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BlackBerry is planning to launch two mid-range Android devices this year in what analysts are calling the "last opportunity" for the firm to get it right in handsets.
This comes after the company admitted that the Priv, its first phone running Google's mobile operating system, was too expensive. In an interview with Abu Dhabi-based publication The National, BlackBerry chief executive John Chen said there would be one Android handset this year with a keyboard and one full touchscreen, but gave no timing on when they would be released.
Last year, BlackBerry launched its first device running Android called the Priv. It was aimed at the high-end market where the likes of Apple and Samsung play. But Chen said that it was too expensive.
"The fact that we came out with a high-end phone (as our first Android device) was probably not as wise as it should have been," Chen said.
"A lot of enterprise customers have said to us, 'I want to buy your phone but $700 is a little too steep for me. I'm more interested in a $400 device'."
But the company faces an uphill battle against the backdrop of a slowing smartphone market and intense competition in the mid-range space, especially as it has lost many of its key differentiating features it once had.
"While the BlackBerry brand is still strong and the value propositions usually have been centered around the best QWERTY keyboard, BlackBerry Messenger and secure platform, however, the conversation has changed," Neil Shah, analyst at Counterpoint Research, told CNBC by email.
"Touchscreen has completely replaced the physical keyboard and is much better with predictive analytics capabilities. Barring Indonesia, BBM has been taken over by Whatsapp and other clones."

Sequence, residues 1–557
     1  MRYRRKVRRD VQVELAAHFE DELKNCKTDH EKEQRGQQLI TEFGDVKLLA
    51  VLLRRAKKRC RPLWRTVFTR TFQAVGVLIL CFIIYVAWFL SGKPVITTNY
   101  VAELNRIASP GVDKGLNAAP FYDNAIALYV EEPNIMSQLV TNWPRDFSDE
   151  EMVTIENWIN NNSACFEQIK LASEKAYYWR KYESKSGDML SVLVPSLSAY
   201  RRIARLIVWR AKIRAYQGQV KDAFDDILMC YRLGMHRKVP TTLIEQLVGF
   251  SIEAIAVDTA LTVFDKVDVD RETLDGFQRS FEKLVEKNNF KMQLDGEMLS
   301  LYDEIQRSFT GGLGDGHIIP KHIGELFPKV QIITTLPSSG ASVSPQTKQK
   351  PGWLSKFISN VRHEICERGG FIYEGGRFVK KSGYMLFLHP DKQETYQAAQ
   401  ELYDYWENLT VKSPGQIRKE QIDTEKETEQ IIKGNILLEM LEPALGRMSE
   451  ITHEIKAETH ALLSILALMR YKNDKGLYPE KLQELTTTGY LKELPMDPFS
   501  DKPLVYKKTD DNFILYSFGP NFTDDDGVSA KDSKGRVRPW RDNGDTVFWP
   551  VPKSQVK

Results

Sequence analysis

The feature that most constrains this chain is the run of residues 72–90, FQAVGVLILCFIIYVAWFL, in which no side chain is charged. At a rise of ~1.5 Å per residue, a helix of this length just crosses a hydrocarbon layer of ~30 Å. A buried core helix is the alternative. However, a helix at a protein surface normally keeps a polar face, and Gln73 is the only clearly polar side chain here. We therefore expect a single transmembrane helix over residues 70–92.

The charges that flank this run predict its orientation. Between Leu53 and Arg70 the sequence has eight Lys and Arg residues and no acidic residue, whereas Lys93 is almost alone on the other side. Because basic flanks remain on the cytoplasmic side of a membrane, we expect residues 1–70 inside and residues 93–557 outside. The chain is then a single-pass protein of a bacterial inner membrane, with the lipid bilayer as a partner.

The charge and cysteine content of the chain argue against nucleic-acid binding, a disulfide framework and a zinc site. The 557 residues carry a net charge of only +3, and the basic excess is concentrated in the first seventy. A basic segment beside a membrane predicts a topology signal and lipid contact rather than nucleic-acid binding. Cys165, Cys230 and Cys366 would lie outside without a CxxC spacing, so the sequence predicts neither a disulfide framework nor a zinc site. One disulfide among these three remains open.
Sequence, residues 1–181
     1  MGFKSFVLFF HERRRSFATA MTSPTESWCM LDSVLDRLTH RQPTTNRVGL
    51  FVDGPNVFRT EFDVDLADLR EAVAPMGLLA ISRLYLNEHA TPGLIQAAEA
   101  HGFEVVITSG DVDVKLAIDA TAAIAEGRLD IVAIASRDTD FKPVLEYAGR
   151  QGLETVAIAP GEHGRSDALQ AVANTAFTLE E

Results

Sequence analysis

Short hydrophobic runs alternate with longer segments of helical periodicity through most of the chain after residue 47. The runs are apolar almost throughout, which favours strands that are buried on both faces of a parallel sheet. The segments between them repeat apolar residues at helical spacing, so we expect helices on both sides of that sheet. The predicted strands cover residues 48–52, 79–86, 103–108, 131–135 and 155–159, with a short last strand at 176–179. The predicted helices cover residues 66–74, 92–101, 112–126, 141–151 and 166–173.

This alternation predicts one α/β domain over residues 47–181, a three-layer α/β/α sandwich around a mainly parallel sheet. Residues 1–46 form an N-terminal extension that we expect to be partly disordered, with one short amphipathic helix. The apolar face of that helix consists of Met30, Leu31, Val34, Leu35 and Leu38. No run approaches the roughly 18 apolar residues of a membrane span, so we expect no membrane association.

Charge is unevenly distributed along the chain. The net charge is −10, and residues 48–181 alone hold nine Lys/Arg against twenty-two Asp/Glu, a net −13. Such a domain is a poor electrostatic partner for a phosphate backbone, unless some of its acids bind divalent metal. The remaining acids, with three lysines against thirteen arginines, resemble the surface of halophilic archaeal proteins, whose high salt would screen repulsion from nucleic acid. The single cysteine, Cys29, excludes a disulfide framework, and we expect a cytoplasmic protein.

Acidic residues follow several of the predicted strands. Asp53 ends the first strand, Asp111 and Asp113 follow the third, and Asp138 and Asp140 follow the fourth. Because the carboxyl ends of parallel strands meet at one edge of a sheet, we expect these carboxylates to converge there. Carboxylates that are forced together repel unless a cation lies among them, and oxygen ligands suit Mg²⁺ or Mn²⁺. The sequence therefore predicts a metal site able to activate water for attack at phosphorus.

BlackBerry has struggled in recent times to make its hardware business profitable. In its fiscal year ending February 29, BlackBerry reported a 39.8 percent year-on-year drop in hardware revenue. It said it recognized revenue related to approximately 3.2 million BlackBerry handheld devices in fiscal 2016, a large drop from the 7 million the previous fiscal year.
Chen has previously said that 3 million device sales a year at an average price of $300 would get the hardware division to breakeven. As part of this plan, Chen told The National that there would be no devices for the forseeable future running its own proprietary BB10 operating system.
"I don't think it's any surprise that BlackBerry is not planning any BB10 OS devices because to be profitable making your own OS (operating system) and devices you need to be shipping at a much greater number of units to cover the development of the OS and everything that goes with it," Ian Fogg, head of mobile at IHS, told CNBC.
"By switching to Android, BlackBerry should be able to be profitable at much lower shipment volumes in the device business."
But moving to Android has its own problems including how to best secure the operating system since it's not entirely in BlackBerry's control because it's owned by Google, Fogg added.
Even if BlackBerry manages to make a compelling and secure device, players from Samsung and Apple to niche firms like Blackphone, have all been pushing privacy as a key feature of their handsets.
The latest comments by Chen show BlackBerry is sticking to hardware for now. Moving to Android has also been a result of developers withdrawing their support for BB10 OS. Facebook and WhatsApp said last month that they would drop support for their BB10 OS apps.
BlackBerry's big focus has been on software recently which has shown strong results. In September, Chen told CNBC that he would need one year to make the device unit profitable, and if not, consider ditching it.
"If by September, I couldn't find a way to get there, then I need to seriously consider being a software company only," Chen said in a CNBC TV interview last September.
Analysts said that this is the last chance for BlackBerry to get it right in hardware.
"I think this is the last opportunity for BlackBerry to toy with hardware business, ideally, I believe it should focus on its software and services assets to pivot away from hardware and license its solutions to other Android vendors or service providers," Shah said.